This newspaper article from the Auckland Star, written during the Second World War, gives instructions to Girl Guides to help identify and dry agar seaweeds as part of the war effort.
USE IN WARTIME
NEEDED IN HOSPITALS
Seaweeds that most people regard as worthless have suddenly become important. They are needed to take the place of products formerly imported from France and Japan. The most important seaweed product is agar, which is used every day in hospitals. Britain and America need supplies of this very necessary material.
This is a matter in which girl guides of New Zealand have been asked for help, for agar can be made in this country. Authorities are trying to discover where the special agar seaweeds grow. As it is impossible for one person to search the whole coast the help of children is asked for. The children in two or three native schools in the Bay of Plenty have collected nearly half a ton of the right weed, carefully dried and so have made more than £25 for local funds.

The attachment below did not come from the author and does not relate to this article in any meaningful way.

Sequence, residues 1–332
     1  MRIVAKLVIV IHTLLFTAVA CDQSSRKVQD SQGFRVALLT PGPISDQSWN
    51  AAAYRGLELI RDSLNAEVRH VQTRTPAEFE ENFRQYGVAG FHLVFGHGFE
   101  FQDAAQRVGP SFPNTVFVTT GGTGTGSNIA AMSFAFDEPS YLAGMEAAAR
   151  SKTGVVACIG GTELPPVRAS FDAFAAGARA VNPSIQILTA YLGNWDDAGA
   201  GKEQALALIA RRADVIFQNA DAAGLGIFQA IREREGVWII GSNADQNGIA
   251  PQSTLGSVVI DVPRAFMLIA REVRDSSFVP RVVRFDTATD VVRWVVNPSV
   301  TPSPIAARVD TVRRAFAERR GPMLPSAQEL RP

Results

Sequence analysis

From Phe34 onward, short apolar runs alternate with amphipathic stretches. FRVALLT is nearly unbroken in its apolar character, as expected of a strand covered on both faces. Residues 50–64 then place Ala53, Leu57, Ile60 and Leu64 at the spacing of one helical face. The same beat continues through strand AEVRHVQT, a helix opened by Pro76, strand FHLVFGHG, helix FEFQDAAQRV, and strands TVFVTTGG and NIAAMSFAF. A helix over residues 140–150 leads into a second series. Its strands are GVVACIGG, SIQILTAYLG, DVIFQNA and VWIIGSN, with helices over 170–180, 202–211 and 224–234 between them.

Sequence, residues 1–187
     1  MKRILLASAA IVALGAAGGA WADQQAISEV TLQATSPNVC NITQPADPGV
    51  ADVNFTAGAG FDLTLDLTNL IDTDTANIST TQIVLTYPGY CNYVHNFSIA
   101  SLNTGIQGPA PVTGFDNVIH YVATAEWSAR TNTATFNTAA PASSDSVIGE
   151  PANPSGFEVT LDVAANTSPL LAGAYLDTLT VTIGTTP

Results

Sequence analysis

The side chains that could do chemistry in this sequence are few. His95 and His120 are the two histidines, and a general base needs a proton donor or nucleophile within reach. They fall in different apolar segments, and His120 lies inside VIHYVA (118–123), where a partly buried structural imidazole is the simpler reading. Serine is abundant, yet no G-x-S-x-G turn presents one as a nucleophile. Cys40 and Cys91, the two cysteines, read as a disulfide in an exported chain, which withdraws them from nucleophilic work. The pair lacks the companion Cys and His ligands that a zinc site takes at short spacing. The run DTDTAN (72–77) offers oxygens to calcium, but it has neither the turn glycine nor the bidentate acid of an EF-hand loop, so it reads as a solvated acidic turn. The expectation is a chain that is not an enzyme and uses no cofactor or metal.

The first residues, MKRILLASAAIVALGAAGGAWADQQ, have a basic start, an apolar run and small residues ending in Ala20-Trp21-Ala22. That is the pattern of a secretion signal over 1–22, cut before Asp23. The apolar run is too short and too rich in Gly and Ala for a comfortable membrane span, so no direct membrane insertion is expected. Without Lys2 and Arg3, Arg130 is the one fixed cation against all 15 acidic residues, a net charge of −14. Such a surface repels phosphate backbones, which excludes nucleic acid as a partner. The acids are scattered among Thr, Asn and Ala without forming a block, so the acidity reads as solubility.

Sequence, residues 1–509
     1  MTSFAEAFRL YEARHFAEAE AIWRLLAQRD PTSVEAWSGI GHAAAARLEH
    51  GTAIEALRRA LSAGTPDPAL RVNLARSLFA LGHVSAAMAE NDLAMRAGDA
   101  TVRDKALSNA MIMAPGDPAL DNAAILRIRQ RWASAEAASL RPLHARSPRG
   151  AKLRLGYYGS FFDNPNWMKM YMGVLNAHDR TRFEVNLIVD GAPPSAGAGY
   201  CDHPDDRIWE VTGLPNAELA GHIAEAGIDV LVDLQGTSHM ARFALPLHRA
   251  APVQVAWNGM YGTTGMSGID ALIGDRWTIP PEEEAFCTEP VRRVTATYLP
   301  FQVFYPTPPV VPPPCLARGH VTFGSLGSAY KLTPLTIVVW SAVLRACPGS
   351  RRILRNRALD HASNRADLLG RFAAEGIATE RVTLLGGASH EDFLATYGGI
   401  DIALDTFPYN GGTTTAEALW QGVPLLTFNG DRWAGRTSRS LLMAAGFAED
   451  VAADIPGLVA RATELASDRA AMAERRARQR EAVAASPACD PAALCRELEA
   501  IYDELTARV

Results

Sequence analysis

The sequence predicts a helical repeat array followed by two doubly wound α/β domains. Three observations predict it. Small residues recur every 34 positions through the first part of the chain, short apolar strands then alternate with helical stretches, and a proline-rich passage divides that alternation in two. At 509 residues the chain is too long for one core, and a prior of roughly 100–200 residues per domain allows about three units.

“Te Rama,” the girl guide journal, contains the following instructions to guides looking for the right seaweed: “Discard all those that have bubbles or hollow bladders of any sort and all those that are green, or yellow-brown or blackish-brown. Pick out any that are tough to break and rich dark red, when they are growing or bleached white on the beach. Hang samples of each of these on a fence to dry or spread them out on a sunny rock, turning them occasionally as if you were haymaking. When they are dry they will be very light and safe to wrap in strong paper. The authorities ask that the name of the beach where the seaweed is collected be given. If you are successful in finding this important seaweed, get in touch with a girl guide official, who will give you all particulars and tell you where to send it.”
Using this item
Te Ara - The Encyclopedia of New Zealand
Reference: Auckland Star, 16 January 1942, p. 2
This item has been provided for private study purposes (such as school projects, family and local history research) and any published reproduction (print or electronic) may infringe copyright law. It is the responsibility of the user of any material to obtain clearance from the copyright holder.